I’ve decided to start reading chunks of the Bible looking to see what it says about a particular topic. As I’ve had an interest in in male roles and responsibilities I thought I’d start there, beginning with the Gospel of Luke. There are some passages which address the topic distinctly, which I shall get to, but there are also passing references to male responsibilities throughout. Today I read chapters 1-3. The Angel Gabriel is speaking to Zechariah in the temple telling him that his wife, Elizabeth, will become pregnant with a child who will be John the Baptist.
And he will go on before the Lord, in the spirit and power of Elijah, to turn the hearts of the parents to their children and the disobedient to the wisdom of the righteous—to make ready a people prepared for the Lord. (Luke 1:17)
John will be the new Elijah, preparing the way for the Lord to come in his cousin Jesus. Through John’s work, the hearts of the parents will return to their children and people will turn to righteousness, ready for Jesus’ coming. What does it mean for the hearts of parents to return to their children? Gabriel repeats what the Lord said through the prophet Malachi. (Mal 4:4-5)
Some commentators have suggested that it isn’t to do with natural parents, but with spiritual parents. After Jesus the spiritual parents – the patriarchs of Israel – Abraham, Isaac and Jacob will return to look kindly upon their child, Israel. This is not a good interpretation and gives the impression that our forbears are simply interested spectators of what is going on here on earth and doesn’t fit with the teaching of other parts of scripture on this.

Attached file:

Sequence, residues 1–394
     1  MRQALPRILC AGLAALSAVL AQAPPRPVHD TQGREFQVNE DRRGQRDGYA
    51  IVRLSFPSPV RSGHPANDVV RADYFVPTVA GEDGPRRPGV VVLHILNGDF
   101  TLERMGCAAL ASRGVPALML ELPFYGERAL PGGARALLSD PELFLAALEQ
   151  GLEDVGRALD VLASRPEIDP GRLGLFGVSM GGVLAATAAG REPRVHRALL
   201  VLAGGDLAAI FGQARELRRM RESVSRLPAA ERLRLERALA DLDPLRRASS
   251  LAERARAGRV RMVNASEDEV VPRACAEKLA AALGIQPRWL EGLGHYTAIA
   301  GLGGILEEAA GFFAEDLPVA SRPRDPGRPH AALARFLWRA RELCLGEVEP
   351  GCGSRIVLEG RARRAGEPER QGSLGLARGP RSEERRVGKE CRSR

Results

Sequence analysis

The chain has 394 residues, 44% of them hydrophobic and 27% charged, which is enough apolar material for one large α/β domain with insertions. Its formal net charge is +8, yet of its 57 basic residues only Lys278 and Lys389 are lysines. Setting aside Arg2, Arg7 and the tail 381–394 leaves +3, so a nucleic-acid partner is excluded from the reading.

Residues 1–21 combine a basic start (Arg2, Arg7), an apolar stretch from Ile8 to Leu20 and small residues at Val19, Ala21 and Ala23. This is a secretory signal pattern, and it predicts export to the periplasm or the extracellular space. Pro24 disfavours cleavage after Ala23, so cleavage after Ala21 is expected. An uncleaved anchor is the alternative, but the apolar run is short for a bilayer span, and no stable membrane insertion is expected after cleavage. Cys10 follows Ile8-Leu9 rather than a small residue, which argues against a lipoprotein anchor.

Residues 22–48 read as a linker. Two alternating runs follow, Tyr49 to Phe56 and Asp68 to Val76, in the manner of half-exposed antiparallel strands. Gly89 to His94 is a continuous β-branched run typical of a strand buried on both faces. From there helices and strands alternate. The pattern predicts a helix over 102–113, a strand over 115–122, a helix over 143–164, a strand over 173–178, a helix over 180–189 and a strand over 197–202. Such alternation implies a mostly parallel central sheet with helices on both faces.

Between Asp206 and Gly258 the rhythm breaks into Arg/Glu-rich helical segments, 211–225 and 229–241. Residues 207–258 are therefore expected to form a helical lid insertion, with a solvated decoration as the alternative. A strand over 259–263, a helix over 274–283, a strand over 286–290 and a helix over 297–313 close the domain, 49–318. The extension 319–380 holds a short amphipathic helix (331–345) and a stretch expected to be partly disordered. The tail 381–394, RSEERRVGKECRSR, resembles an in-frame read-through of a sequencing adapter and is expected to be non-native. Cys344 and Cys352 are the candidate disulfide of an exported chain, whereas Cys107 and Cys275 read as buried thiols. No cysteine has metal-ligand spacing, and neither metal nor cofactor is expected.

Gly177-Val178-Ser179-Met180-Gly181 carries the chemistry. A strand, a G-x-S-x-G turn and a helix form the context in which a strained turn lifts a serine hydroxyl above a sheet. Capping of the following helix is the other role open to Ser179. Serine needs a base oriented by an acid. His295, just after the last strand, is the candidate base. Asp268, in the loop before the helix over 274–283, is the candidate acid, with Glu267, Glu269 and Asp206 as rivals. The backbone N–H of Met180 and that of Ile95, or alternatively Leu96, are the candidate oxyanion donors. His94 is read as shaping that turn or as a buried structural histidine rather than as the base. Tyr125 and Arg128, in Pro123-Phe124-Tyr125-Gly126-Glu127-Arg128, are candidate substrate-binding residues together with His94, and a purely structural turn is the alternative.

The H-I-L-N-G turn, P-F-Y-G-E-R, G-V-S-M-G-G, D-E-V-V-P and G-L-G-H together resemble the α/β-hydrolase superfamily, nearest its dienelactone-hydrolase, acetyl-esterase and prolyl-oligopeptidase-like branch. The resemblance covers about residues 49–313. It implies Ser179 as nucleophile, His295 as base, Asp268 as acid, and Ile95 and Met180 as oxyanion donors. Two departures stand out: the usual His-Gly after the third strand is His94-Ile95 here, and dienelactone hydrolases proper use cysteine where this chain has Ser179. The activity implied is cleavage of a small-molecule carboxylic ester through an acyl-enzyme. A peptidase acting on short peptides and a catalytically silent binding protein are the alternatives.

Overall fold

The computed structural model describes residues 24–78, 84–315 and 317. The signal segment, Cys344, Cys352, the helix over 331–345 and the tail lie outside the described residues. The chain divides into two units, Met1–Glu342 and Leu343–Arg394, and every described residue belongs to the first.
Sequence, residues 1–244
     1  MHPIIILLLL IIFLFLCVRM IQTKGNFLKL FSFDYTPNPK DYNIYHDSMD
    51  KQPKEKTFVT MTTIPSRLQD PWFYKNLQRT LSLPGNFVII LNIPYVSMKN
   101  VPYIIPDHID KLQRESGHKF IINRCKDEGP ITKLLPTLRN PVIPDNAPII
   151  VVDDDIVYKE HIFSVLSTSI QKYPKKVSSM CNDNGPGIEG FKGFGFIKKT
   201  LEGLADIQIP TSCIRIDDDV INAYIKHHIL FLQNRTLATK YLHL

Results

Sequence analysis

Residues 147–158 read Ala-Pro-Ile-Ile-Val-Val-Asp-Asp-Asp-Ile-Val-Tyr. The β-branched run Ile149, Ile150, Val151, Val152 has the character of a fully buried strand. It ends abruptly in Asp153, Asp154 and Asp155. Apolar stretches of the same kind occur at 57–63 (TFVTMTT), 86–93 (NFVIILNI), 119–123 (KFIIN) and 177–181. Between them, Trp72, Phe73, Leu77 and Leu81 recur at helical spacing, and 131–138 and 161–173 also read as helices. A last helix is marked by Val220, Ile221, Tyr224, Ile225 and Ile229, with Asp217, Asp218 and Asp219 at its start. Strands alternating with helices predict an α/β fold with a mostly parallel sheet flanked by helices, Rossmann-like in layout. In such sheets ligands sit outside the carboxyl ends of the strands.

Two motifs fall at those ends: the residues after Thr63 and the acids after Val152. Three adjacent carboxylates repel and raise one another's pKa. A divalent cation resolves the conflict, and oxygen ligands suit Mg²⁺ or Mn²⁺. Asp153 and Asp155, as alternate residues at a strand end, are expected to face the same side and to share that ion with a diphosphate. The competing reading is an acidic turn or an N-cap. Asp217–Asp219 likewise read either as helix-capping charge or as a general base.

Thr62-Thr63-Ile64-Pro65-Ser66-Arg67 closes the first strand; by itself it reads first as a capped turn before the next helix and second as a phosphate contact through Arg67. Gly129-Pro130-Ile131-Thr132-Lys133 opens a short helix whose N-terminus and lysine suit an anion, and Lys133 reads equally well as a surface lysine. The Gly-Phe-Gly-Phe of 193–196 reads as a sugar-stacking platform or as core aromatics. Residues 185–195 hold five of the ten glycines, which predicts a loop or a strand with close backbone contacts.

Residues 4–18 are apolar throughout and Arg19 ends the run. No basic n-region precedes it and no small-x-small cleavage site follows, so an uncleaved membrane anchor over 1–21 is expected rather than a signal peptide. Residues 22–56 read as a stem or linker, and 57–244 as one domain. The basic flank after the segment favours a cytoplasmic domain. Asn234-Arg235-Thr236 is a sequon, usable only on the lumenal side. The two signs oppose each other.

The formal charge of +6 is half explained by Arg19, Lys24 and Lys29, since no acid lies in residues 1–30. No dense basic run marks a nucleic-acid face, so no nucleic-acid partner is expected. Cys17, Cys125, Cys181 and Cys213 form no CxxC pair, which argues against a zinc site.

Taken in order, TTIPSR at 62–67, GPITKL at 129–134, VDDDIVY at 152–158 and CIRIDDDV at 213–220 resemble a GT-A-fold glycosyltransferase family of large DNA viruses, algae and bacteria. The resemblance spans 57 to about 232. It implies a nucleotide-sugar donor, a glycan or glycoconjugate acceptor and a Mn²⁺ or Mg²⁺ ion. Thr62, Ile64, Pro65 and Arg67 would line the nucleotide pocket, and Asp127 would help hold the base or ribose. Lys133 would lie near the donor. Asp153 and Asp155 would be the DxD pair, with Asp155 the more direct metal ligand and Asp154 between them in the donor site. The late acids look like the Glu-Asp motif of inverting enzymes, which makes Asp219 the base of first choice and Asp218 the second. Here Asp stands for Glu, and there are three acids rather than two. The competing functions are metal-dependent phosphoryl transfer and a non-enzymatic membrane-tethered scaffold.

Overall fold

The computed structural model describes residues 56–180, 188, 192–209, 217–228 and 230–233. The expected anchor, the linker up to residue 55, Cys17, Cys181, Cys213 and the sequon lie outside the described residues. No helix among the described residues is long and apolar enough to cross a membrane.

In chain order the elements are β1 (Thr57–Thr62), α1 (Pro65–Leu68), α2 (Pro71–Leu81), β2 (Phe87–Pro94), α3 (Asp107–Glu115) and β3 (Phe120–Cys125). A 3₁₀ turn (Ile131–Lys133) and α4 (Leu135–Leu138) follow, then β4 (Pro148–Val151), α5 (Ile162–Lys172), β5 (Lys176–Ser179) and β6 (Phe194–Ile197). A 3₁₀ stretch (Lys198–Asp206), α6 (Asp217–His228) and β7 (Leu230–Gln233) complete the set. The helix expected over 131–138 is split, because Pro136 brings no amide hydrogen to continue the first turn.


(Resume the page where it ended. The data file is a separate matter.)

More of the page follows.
A more likely interpretation is the more literal reading – actual parents.
Hearing of God’s message through John and Jesus, and through the gospel preached throughout the ages causes hearts to be changed. Family life which can often be upset by separation or lack of interest can be reinvigorated. And when we have committed spouses and parents we get strong families, well adjusted children and a cohesive society. The message for men here is, as you hear the gospel, allow your hearts to be changed and committed to your family.
Why is this a preparation for the Lord? (Luke 1:17). Does the commitment of parents to children not echo the commitment of a covenant God to his people, and therefore witness to it? In fact, does it not echo the interconnected relationships of Father, Son and Spirit? The act of committing allows us to experience something of the love of God for us and to understand it for ourselves. As we love our children, God loves us – even more so. As we provide for our famlies, God provides for us. As we teach our children how to live, God does so for us.